LOS ANGELES — Former bitter rivals NetZero and Juno Online Services, the two biggest providers of free Internet access, said Thursday they will merge in a deal that is expected to create the nation’s second-largest Internet connection company.
NetZero of Westlake Village, Calif., and Juno Online Services of New York announced the deal after close of market.
The two would share 7 million subscribers and would be larger than the online access arms of Microsoft, Earthlink and AT&T, company executives said in a statement. Only AOL would be bigger.
Under the terms of the all-stock transaction, NetZero and Juno will become wholly owned subsidiaries of a newly formed company called United Online Inc.
NetZero stockholders will own about 61.5 percent of the outstanding shares in United Online. Juno stockholders will own the rest, once the deal closes sometime before the end of the year.
The new company is expected to trade on the Nasdaq Stock Market under the symbol UNTD.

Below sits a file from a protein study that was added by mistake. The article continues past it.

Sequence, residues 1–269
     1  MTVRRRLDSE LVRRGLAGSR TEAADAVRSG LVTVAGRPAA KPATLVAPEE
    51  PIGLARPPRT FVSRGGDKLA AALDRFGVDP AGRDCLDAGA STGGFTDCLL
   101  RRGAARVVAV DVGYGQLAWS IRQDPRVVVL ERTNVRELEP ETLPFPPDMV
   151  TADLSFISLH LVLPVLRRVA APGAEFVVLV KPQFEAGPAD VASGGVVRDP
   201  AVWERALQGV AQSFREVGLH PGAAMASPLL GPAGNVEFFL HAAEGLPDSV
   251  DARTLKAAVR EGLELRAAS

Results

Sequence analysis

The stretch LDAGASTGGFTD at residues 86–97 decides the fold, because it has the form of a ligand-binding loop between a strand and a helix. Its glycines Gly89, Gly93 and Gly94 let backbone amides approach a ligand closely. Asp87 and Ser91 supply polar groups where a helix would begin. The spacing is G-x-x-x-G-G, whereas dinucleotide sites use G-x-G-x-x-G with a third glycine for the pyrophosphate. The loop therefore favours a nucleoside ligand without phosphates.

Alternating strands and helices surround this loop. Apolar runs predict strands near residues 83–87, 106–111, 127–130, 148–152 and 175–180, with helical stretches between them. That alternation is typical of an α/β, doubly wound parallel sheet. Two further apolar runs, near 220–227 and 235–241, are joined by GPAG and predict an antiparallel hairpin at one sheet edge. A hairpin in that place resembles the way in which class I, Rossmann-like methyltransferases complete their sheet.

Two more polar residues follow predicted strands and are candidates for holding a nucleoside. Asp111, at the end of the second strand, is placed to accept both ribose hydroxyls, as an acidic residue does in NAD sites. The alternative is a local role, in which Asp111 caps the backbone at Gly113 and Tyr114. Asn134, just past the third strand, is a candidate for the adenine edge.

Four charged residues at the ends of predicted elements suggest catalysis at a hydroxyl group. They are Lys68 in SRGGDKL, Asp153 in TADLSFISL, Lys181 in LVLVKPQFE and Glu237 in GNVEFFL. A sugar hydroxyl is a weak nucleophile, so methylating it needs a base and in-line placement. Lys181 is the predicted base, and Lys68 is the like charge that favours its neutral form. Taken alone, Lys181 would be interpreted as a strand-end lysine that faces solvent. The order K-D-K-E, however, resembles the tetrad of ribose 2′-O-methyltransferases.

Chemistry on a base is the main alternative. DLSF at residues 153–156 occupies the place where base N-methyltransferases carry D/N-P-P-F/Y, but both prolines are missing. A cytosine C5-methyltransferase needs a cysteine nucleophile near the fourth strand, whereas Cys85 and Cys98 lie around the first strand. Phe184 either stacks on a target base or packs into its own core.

The deal comes as free Net providers are striving to find new ways to make money and are increasingly dabbling in paid online access services. Traditionally, free providers have made their money through advertising.
Such an experiment has not saved NetZero from widening quarterly losses.
The company’s third-quarter net loss, announced in May, grew more than $66 million to $91.3 million, compared with the same period last year. That’s despite a new $9.95-a-month paid service that drew 116,000 customers during that same period.
Juno, meanwhile, has been offering some paid services for three years.
The two had clashed in court since late last year, when NetZero sued Juno on accusations of patent infringement.
The California company alleged that Juno was using unique technology that combines pop-up ad banners and a navigational tool.
A federal judge lifted a temporary restraining order against Juno in April, though a trial was expected later this year.
Juno has also taken court action against NetZero.
In a separate case, Juno filed a patent infringement case against NetZero and Qualcomm Inc. last summer over Eudora e-mail software.
In that suit, which was also last reported as pending, Juno alleged the Qualcomm-developed program infringes on a patent it holds for software that allows it to continue to display advertisements connected to e-mail messages even when a user’s computer is not connected to the Internet.